Suspect charged with attempted murder of Slovak PM Robert Fico

By Emily Atkinson for BBC News

A man has been charged with the attempted murder of Slovak Prime Minister Robert Fico after the politician was seriously hurt in a shooting attack.

The alleged assailant has not been formally named, but Slovak reports have widely identified him as a 71-year-old from the town of Levice.

Reports say he could face up to life in prison.

Fico, 59, is in a serious but stable condition after being shot several times in what colleagues described as a politically motivated attack.

Interior Minister Matus Sutaj Estok told a press conference on Thursday that the suspect had acted alone and that he had previously taken part in anti-government protests.

Shot five times at close range

It was in broad daylight on Wednesday that Fico, surrounded by a crowd of supporters, was shot at close range.

A gunman fired five times, hitting the prime minister in the stomach and arm.

The attack took Fico’s security detail completely by surprise. Footage showed several officers bundling the wounded PM into a car, before driving away at high speed, while the others detained the suspect.

This image taken from video footage obtained by AFPTV shows security personnel carrying Slovakia's Prime Minister Robert Fico (C) towards a vehicle after he was shot in Handlova on May 15, 2024. Slovakia's Prime Minister Robert Fico was battling life-threatening wounds after officials said he was shot multiple times in an assassination attempt condemned by European leaders. (Photo by RTVS / AFP)

Fico was rushed to a nearby hospital in an air ambulance, with injuries described as life-threatening.

He was then transferred to another facility in Banska Bystrica, east of Handlova, where surgeons and trauma teams worked through the night to stabilise him.

On Thursday, the hospital director told a press conference that Fico’s condition was stable, but “truly very serious”, and he had been moved to an intensive care unit.

Previously, Deputy Prime Minister Tomas Taraba told the BBC that Fico’s surgery had gone “well” and “I guess that at the end he will survive”.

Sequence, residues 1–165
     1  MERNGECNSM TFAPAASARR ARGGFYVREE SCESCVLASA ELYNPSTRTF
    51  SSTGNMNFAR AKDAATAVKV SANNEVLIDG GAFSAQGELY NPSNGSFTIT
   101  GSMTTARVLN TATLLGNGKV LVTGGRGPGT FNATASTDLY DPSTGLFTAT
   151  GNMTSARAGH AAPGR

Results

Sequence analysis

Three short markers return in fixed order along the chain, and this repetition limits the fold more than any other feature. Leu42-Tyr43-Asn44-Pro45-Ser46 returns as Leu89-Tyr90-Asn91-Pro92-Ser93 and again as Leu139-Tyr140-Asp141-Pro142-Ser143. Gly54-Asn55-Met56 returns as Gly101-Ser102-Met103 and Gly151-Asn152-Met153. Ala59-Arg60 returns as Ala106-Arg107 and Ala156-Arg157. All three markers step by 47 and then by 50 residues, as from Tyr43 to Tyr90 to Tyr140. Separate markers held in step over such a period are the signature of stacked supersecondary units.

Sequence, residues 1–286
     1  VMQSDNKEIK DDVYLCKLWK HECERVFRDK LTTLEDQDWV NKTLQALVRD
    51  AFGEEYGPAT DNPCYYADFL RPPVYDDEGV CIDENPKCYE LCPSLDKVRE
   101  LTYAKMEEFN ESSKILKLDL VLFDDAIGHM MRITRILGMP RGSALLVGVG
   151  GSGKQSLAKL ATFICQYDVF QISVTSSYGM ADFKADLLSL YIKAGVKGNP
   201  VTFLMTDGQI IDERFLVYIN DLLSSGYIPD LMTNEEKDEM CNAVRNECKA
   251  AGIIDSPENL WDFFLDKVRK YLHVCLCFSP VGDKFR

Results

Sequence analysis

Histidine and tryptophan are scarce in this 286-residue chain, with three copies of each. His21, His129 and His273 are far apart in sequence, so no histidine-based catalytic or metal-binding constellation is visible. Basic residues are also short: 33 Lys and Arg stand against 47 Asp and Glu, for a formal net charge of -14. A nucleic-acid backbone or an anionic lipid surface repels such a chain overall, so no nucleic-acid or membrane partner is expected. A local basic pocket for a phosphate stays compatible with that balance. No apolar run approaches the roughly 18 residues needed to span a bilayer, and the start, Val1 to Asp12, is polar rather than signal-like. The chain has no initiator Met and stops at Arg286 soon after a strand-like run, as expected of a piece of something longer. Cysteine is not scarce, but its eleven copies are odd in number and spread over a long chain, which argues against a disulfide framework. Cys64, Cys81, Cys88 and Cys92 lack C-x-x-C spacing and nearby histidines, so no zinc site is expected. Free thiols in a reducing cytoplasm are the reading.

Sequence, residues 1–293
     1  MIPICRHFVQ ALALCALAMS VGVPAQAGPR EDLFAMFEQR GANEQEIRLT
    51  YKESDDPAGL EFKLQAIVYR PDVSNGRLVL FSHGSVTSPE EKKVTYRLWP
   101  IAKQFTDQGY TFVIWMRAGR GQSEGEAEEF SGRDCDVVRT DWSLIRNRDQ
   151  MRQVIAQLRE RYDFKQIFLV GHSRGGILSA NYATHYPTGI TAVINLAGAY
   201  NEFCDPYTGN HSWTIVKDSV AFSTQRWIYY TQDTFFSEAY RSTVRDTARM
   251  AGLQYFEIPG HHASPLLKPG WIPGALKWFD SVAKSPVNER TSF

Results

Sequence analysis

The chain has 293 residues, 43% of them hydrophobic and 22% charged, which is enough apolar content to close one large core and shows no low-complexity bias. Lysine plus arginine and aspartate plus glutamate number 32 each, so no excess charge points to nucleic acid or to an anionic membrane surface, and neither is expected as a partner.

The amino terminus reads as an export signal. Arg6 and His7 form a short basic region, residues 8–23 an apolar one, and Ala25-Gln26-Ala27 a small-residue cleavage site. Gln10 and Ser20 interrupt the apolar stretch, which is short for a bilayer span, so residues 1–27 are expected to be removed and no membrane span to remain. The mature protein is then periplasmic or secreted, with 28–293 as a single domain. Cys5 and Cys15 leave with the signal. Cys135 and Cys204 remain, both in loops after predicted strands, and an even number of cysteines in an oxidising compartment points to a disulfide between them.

Local media reports describe the suspect as a writer and political activist.

A video being widely circulated on Slovak media purports to feature him.

In the footage, the man says he disagrees with government policy and its stance towards state media. The BBC has neither verified if the person in the video is the perpetrator who was detained at the scene, nor the circumstances under which it was filmed.

Politically motivated attack

Several Slovak politicians called the shooting an “attack on democracy”.

Picture taken on May 15, 2024 shows Slovak Prime Minister Robert Fico being transported from a helicopter by medics to the hospital in Banska Bystrica, Slovakia where he is to be treated after he had been shot

On Thursday, Slovakia’s outgoing president Zuzana Caputova appealed for calm and invited all party leaders to a meeting to discuss political tension.

Meanwhile, Slovak president-elect Peter Pellegrini called on all parties to suspend campaigning before European parliament elections scheduled for early June.

Fico is a divisive figure at home for his calls to end military aid to Ukraine and sanctions on Russia.

The shooting came on the day parliament began discussing the government’s proposal to abolish Slovakia’s public broadcaster RTVS.

Thousands of Slovaks have protested against the proposed reform of the public broadcaster in recent weeks. However, a planned opposition-led demonstration was called off on Wednesday as news of the shooting emerged.

In his interview with the BBC, Taraba blamed “false narratives” by opposition parties in Slovakia for the shooting.

“Our prime minister several times mentioned in the past that he was afraid that this would happen,” Taraba said in another interview with the BBC’s World Tonight programme.

And Estok accused the media of contributing to the climate that led to the 59-year-old’s shooting, telling a press conference: “Many of you were those who were sowing this hatred.”

Estok added that he believed “this assassination [attempt] was politically motivated”.

This story was originally published by the BBC.

According to the news on Radio New Zealand

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